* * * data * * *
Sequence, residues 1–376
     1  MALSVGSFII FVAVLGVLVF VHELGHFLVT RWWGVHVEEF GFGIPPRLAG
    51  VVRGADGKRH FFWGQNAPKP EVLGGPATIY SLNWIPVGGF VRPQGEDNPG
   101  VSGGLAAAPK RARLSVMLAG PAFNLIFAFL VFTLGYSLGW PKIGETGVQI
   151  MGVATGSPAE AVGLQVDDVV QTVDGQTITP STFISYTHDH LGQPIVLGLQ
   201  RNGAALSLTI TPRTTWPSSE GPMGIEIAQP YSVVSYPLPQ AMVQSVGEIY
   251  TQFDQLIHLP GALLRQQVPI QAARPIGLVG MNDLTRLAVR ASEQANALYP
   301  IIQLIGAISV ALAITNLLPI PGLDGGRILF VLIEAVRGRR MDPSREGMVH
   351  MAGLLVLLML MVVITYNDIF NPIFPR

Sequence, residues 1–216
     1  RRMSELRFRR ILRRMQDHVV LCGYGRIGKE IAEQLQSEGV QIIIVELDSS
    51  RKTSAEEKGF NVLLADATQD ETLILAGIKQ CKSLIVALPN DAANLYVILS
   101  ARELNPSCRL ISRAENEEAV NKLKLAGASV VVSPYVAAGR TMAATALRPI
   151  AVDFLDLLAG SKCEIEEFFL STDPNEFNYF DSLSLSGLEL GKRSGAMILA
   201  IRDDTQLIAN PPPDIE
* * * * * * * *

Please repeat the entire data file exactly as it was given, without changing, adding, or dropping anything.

Sequence, residues 1–376
     1  MALSVGSFII FVAVLGVLVF VHELGHFLVT RWWGVHVEEF GFGIPPRLAG
    51  VVRGADGKRH FFWGQNAPKP EVLGGPATIY SLNWIPVGGF VRPQGEDNPG
   101  VSGGLAAAPK RARLSVMLAG PAFNLIFAFL VFTLGYSLGW PKIGETGVQI
   151  MGVATGSPAE AVGLQVDDVV QTVDGQTITP STFISYTHDH LGQPIVLGLQ
   201  RNGAALSLTI TPRTTWPSSE GPMGIEIAQP YSVVSYPLPQ AMVQSVGEIY
   251  TQFDQLIHLP GALLRQQVPI QAARPIGLVG MNDLTRLAVR ASEQANALYP
   301  IIQLIGAISV ALAITNLLPI PGLDGGRILF VLIEAVRGRR MDPSREGMVH
   351  MAGLLVLLML MVVITYNDIF NPIFPR

Sequence, residues 1–216
     1  RRMSELRFRR ILRRMQDHVV LCGYGRIGKE IAEQLQSEGV QIIIVELDSS
    51  RKTSAEEKGF NVLLADATQD ETLILAGIKQ CKSLIVALPN DAANLYVILS
   101  ARELNPSCRL ISRAENEEAV NKLKLAGASV VVSPYVAAGR TMAATALRPI
   151  AVDFLDLLAG SKCEIEEFFL STDPNEFNYF DSLSLSGLEL GKRSGAMILA
   201  IRDDTQLIAN PPPDIE